The Best Flowers for Wet Soil

Turn a wet, poorly drained spot in your yard into a colorful landscape feature with these perennial flowers and ornamental grasses.

View Slideshow

Fall Veggies to Plant Now

Grow these cool-season vegetables and herbs to extend your garden's harvests in spring and fall. This list of vegetables includes seasonal vegetables, green vegetables, non-starchy vegetables, winter vegetables, green leafy vegetables, fall vegetables and more.

View Slideshow

Improve Poor Drainage

Follow these tips to transform a poorly drained area into an easy-care garden.

See More

Tips and Tricks to Keep Plants Blooming

Deadheading is a popular practice ¿ but do you know all the ways to keep flowers on your plants longer? Follow these easy tips for keeping your favorite shrubs and flowers blooming longer.

View Video

Top Plant Picks for Late-Summer Color

Keep the color coming on strong through the end of the growing season with these easy-care, reliable annuals and perennials.

View Slideshow

Plan for a Gorgeous Fall Landscape

See how two great gardeners -- one on the East Coast and one on the West -- created knock-your-socks-off fall yards -- and learn how you can do the same.

View Slideshow

Best Plants for Rock Gardens

Transforming an unsightly slope or mound in your backyard into a colorful rock garden is easy when you chose the right plants. These amazing, low-maintenance ground huggers don't mind poor soil but do need good drainage to survive. Here's a list of our top plants for rock gardens.

View Slideshow
Popular in Gardening

Preparing Perennials for Winter

Make sure to put your perennials to bed properly so they'll bloom next year!

In gardening, winter is defined as the time of year when most perennials become dormant. This time can vary from early September in some parts of the country to late December in others.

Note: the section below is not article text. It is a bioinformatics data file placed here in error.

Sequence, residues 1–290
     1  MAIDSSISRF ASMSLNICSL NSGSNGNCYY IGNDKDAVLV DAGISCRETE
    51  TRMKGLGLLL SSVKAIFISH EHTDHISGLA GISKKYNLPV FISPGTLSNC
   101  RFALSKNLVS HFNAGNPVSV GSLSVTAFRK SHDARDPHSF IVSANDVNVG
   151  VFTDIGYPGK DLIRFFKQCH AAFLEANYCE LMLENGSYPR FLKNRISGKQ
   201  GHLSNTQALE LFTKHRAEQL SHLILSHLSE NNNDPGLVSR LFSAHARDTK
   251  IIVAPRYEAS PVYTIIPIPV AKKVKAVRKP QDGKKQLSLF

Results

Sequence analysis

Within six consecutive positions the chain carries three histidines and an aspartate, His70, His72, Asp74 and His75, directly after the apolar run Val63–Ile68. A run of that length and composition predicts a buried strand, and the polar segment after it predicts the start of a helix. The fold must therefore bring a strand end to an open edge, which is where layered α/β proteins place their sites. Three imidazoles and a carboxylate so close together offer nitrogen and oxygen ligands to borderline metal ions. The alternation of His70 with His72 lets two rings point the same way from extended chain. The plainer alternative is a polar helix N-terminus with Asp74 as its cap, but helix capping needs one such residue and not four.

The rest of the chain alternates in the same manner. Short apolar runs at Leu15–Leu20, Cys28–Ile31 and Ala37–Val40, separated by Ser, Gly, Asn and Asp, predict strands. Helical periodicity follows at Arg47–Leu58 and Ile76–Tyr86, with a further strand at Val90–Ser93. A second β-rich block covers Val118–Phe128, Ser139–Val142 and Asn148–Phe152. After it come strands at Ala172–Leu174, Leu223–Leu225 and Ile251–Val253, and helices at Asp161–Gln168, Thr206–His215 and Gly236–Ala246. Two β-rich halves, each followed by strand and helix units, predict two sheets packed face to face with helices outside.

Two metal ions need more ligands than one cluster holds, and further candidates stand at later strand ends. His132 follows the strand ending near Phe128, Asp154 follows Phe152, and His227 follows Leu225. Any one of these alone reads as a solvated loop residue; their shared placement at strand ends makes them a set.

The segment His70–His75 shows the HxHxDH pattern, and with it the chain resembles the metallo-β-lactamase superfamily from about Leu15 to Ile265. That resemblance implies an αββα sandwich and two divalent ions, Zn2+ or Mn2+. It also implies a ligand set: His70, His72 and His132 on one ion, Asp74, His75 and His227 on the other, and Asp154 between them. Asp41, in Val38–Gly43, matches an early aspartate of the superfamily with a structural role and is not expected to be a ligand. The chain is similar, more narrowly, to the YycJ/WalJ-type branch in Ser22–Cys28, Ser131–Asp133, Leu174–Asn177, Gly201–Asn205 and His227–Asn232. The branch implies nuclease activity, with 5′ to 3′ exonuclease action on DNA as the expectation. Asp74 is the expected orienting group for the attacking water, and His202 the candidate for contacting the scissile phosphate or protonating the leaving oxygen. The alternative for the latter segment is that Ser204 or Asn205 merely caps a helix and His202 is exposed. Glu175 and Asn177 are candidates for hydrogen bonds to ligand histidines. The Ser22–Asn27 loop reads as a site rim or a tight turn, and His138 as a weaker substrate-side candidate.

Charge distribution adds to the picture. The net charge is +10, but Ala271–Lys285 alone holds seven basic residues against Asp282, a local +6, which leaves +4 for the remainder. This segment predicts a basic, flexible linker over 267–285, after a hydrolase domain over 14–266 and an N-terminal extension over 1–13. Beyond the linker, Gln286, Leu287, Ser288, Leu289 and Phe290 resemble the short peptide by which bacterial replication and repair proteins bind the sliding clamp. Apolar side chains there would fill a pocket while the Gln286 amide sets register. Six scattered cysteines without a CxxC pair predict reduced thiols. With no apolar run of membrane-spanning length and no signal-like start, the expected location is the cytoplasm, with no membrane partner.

Cold is the major factor inducing plant dormancy. Thus, in preparing for winter, it's crucial to understand just what kind of cold affects your garden.

Tips on Mulching

If chilly weather in your area means blankets of snow, you're in luck. Snow, sometimes called a "poor man's mulch," forms an insulating blanket on the garden. Temperatures in the ground beneath the snow cover always hover around 32 degrees F, while they can plunge far below 0 degrees F immediately above the snow line. Perennials that are dormant at a constant temperature rarely have trouble surviving winter months.

Plants in areas with little snow cover can suffer dreadfully during unexpected or unusual cold spells. These need a 2- or 3-inch winter mulch -- preferably an organic one, such as shredded leaves, pine needles, or licorice roots. The mulch protects plants from unusual cold spells and helps to maintain a uniform temperature so that the soil does not thaw out prematurely and expand ("heave" in garden terms) when encrusted with frost and ice particles.

Before you add mulch in winter, however, make sure your garden bed is as clean as possible. Clear away dead foliage and destroy all weeds. Spread the mulch just after the soil freezes.

Now, step back and take a look at your pristine garden. If you have been considering improvements, decide where you would like to place new perennials and put markers in these areas. If possible, write the name of the intended plant on each marker; this will make spring planting much easier.


Loading... Please wait...